http://raypeat.com/articles/articles/hy ... dism.shtml
 

Edle

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Mittir said:
Here is a quote from Ray Peat's article on Thyroid testing.
" Because the actions of T3 can be inhibited by many factors, including polyunsaturated fatty acids, reverse T3, and excess thyroxine, the absolute level of T3 can't be used by itself for diagnosis. “Free T3” or “free T4” is a laboratory concept, and the biological activity of T3 doesn't necessarily correspond to its “freedom” in the test. T3 bound to its transport proteins can be demonstrated to enter cells, mitochondria, and nuclei. Transthyretin, which carries both vitamin A and thyroid hormones, is sharply decreased by stress, and should probably be regularly measured as part of the thyroid examination.

When T3 is metabolically active, lactic acid won't be produced unnecessarily, so the measurement of lactate in the blood is a useful test for interpreting thyroid function. Cholesterol is used rapidly under the influence of T3, and ever since the 1930s it has been clear that serum cholesterol rises in hypothyroidism, and is very useful diagnostically. Sodium, magnesium, calcium, potassium, creatinine, albumin, glucose, and other components of the serum are regulated by the thyroid hormones, and can be used along with the various functional tests for evaluating thyroid function".--
Ray Peat, TSH, temperature, pulse rate, and other indicators in hypothyroidism
http://raypeat.com/articles/articles/hy ... dism.shtml

Sure, Peat is very skeptical to the thyroid lab tests to begin with, probably for good reason. "Normal" free T3 is not a sign that things are the way they should. But if you have a consistently low free T3, it is a sign something is definitely wrong. I had way low free T3 for seven months before starting desiccated thyroid.

Measuring heart rate, taking temperature and monitor other symptoms is important - more important than lab tests. I even have the GD hammer.

I was following the Total T3 measurement philosophy for a while (as recommended by one of the Paleo "guru" clinicians). But as I was not getting any results with his focus on reverse T3, I eventually started reading Peat. This led me to understand that my problem was the conversion of T4 to active thyroid hormone in the liver. This has several very practical applications. The reverse T3 focus for me left more questions than answers. What´s the practical implications of the hypothesis that your problem is high reverse T3? Take pure T3 instead of desiccated? Maybe - but I have seen people focusing on reverse T3 do that, and then having better results with desiccated. Anyway, I see that Peat mention Total T3 a couple of places. Maybe it can be helpful for some people.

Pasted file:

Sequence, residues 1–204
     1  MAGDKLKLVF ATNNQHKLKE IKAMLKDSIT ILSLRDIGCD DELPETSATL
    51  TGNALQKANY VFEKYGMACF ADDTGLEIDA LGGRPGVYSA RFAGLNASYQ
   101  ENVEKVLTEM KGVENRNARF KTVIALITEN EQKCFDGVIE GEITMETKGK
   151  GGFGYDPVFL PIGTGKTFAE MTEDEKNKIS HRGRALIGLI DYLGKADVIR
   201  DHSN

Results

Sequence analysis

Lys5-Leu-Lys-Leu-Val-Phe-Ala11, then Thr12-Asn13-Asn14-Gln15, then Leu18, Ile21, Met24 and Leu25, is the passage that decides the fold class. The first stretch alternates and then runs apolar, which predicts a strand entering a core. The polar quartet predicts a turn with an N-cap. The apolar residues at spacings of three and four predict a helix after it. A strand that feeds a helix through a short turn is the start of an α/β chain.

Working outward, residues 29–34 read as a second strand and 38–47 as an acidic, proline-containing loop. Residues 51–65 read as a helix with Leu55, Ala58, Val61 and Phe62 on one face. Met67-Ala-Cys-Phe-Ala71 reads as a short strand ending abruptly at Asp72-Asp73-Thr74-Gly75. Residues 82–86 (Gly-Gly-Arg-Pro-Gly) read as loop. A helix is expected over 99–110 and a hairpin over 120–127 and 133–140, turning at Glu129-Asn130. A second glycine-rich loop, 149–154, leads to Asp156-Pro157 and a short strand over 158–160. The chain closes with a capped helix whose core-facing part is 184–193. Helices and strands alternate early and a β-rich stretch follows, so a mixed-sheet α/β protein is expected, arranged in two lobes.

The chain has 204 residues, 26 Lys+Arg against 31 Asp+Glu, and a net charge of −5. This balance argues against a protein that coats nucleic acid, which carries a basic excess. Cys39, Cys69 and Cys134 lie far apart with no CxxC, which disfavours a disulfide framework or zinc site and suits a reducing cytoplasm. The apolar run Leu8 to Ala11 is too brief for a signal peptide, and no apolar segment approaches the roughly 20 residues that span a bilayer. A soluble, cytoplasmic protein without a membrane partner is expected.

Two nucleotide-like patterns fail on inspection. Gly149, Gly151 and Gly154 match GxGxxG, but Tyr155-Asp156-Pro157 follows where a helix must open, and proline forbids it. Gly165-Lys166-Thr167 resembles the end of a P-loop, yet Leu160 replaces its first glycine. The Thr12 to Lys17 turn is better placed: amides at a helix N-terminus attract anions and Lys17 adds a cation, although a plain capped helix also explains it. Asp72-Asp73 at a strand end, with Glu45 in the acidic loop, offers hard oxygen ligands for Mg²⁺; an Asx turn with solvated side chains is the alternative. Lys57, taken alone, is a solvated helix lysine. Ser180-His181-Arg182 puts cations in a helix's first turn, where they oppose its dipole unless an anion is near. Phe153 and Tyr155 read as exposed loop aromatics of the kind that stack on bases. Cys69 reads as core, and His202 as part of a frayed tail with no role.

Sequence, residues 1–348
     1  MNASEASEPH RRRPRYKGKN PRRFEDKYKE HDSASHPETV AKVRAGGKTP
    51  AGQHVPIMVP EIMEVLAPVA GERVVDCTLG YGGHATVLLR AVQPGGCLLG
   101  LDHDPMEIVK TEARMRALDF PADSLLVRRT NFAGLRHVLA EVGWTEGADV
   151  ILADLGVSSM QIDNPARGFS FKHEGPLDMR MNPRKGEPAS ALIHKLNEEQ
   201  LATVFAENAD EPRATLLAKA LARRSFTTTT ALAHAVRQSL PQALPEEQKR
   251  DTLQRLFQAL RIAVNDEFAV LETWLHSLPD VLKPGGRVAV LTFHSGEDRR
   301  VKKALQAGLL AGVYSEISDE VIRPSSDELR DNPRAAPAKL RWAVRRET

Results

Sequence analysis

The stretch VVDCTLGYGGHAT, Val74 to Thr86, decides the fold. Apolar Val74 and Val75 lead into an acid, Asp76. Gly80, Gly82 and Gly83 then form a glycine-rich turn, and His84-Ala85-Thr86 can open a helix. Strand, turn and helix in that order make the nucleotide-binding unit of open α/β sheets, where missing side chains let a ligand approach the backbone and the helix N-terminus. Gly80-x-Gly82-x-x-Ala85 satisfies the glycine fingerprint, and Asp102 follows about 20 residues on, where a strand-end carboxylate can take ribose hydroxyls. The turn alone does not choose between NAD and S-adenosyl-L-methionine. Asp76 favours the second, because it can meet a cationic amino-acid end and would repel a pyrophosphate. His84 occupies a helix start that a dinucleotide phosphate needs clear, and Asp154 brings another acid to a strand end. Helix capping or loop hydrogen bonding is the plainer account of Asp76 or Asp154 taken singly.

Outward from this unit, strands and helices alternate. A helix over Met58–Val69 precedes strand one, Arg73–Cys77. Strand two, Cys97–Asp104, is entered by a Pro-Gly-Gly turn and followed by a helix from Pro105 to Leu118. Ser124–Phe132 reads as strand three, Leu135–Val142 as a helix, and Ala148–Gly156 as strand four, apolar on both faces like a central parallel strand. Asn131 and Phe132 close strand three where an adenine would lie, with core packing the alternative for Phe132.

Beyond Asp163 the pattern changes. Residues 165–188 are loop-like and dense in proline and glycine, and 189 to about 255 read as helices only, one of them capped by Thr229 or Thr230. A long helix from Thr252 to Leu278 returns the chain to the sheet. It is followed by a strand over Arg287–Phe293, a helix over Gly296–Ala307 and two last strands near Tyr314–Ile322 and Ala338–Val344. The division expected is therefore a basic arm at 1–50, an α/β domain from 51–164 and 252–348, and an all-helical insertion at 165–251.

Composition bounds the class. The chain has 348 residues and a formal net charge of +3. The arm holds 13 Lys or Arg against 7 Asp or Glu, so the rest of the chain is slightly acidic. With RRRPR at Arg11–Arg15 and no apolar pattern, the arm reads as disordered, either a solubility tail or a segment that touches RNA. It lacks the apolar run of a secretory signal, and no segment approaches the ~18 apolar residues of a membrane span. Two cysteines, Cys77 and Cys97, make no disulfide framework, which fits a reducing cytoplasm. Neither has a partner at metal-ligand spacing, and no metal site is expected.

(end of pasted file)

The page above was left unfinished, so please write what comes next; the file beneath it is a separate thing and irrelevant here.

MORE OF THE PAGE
Anyway, for many women, I think the focus on improving conversion of T4 to T3 is very helpful - focusing on the liver: reducing excess estrogen, supplying glucose to liver cells, trying to increase glycogen stores in muscles and liver etc.

For me, I have to say there has been a significant correlation between free T3 lab test results and other symptoms of too little active thyroid hormone. One example: in December I started to feel a bit crappy again. Low energy, sleep deteriorated, feeling of rapid and heavy heart beat (adrenaline) etc. My morning waking HR was 39 (yes, I am not exaggerating). My morning temperature was stable, but that has been the case with me - temps have had limited diagnostic value, very consistent. Anyway, I had a free T3 test, and rightly, it had dropped below the lab range again.

Another note on lab tests: they vary significantly from lab to lab, so don´t take one test results as something absolute. One example: when I first started having symptoms, I got a doctor to prescribe several tests for me, including anti-bodies associated with both hyper and hypo. To get these he had to send my blood to two different labs - the top hospital for hormonal diseases and the best private lab in my native country (Europe). For some reason, he asked both labs to test Free T3. The blood was drawn at the exact same time. The free T3 results were significantly different. One lab measured free T3 to be below their lab range. The other came out lower middle, within the normal functional range.